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Happily Ever After?


07 2 12

 

 

 
Islamic Horizons
 
July 1, 2012 | Ansari, Kiran
 

The necessity of following up with new Muslims.

 
AS MELINDA FACED THE CROWD on a bright, warm afternoon in Iune2010, she knew she would remember this day forever. It was literally and figuratively the first day of a new chapter in her life – the day she accepted Islam. After taking the shahadah, scores of women came and hugged her. Some were crying. It was a little overwhelming, but Melinda felt special and her heart testified that she had made the best decision of her life.

It was after the hugs and handshakes came to an end, that reality began sinking in. While her heart was throbbing with excitement, her head was exploding with questions. She continued to come to the mosque as often as she could but the zeal with which everyone had welcomed her the first day was hard to find. Yes, women would answer questions if Melinda asked, but she had no friends, no one to confide in, and no one to call or go out for lunch with.

Melinda’s story is not unique. Scores of converts feel that “born-Muslims” are guilty of not following up as well as they can with their new sisters and brothers who take such a giant leap of faith.

“It is a sad reality that we get excited when someone takes the shahadah but the enthusiasm dissipates and the new converts are often not provided with half as much support as they need,” says Dr. Sabeel Ahmed, director of GainPeace.

To help alleviate this issue, GainPeace initiated a structured mentorship program in 2006 that has helped thousands of new Muslims connect with God other Muslims and the community. Their “Welcome to Islam Package” includes a copy of the Quran in Arabic, English and Spanish, How to Pray DVD, a hijab or kufi and other basic information to inform but not overwhelm the new Muslim. Then, they are paired with a trained mentor for 100 days to help with the fundamentals and basic Quranic chapters. They are also encouraged to join classes specifically designed for reverts – whether in-person or ordine.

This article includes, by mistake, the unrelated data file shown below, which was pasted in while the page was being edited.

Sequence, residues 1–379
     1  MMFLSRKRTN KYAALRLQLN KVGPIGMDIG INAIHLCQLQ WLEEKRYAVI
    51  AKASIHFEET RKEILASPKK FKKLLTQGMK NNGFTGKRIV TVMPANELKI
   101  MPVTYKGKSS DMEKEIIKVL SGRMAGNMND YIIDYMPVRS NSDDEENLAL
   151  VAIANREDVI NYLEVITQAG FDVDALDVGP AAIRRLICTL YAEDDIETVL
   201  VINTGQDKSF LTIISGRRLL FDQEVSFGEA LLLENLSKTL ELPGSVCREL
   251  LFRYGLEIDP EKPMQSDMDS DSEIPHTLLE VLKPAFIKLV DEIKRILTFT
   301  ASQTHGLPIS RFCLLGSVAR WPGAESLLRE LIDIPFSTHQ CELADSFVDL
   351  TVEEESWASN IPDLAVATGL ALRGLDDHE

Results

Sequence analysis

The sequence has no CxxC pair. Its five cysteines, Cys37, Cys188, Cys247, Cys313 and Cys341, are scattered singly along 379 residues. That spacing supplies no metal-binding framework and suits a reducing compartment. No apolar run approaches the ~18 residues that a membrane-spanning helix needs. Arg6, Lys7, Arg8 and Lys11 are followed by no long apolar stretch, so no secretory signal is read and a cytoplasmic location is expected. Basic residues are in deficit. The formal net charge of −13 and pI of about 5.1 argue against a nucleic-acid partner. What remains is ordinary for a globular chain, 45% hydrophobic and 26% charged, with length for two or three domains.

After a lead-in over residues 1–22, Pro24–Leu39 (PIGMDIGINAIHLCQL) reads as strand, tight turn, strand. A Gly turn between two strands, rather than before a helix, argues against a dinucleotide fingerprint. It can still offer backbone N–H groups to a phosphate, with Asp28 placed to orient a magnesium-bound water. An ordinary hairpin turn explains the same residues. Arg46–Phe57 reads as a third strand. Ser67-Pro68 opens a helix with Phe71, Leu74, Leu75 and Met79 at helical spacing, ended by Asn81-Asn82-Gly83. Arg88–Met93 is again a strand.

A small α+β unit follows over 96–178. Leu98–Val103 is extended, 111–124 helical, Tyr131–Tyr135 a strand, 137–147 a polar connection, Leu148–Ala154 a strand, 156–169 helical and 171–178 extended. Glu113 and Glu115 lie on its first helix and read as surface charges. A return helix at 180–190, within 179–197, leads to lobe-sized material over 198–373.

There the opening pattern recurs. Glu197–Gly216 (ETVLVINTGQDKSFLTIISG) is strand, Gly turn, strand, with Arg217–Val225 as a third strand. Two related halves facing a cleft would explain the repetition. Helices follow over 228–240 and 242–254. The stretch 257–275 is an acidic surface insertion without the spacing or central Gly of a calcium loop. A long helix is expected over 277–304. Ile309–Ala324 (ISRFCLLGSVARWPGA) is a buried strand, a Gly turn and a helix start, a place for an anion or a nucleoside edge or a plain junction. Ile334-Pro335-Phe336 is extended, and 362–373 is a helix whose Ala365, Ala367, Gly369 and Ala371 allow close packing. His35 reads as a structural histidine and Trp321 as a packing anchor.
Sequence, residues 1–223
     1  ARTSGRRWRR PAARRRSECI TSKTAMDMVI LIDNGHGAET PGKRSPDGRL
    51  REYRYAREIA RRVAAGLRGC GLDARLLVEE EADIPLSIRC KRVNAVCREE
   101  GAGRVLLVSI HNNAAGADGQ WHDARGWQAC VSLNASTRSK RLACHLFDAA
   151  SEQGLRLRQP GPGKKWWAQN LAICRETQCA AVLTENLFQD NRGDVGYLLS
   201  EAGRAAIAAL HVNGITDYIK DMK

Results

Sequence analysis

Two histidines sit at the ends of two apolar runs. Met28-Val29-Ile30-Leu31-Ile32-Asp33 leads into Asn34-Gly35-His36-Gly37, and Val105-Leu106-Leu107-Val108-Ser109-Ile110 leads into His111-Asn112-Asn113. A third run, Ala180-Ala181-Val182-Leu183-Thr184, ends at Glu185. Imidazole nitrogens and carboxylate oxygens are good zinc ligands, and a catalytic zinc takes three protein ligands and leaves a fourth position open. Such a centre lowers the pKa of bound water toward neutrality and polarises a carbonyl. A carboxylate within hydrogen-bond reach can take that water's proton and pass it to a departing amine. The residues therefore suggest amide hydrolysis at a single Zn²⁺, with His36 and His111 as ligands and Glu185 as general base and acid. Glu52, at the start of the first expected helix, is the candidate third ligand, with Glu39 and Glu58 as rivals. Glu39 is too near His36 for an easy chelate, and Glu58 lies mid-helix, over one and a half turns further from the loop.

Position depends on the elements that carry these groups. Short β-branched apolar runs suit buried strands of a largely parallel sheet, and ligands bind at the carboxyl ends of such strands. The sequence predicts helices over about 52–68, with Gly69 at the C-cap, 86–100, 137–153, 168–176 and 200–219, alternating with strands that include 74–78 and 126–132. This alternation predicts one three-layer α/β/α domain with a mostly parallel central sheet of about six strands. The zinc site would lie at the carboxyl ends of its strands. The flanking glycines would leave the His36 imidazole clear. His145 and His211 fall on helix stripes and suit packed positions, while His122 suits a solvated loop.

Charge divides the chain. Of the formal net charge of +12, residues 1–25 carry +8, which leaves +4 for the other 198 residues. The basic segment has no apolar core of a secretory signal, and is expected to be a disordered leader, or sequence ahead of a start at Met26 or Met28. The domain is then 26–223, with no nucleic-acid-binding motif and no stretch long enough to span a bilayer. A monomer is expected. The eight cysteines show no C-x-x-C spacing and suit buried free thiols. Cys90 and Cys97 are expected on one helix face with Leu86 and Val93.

Ahmed suggests that when someone takes the shahadah, the imam should appeal to the community to take responsibility of staying connected with the new Muslims by exchanging telephone numbers, meeting them at least once a week and introducing them to their social network.

FACEBOOK TO THE RESCUE
For those who do not live close to a mosque or are hesitant to introduce themselves as new Muslims, Facebook has become a good resource.

Reem Saenz, a Latino convert herself, felt that there was a void in information about Islam in Spanish. She felt the available material was too complicated for reverts. So, she created a Facebook group called “No Perfectos Sino Musulmanes Conversos” which means “We are not perfect, just Muslim converts.” The group is moderated by four administrators and was formed on the premise of encouraging people to ask questions without being judged. At press time, they had 150 active members, most of them new Muslims and others who have questions about Islam and are considering converting.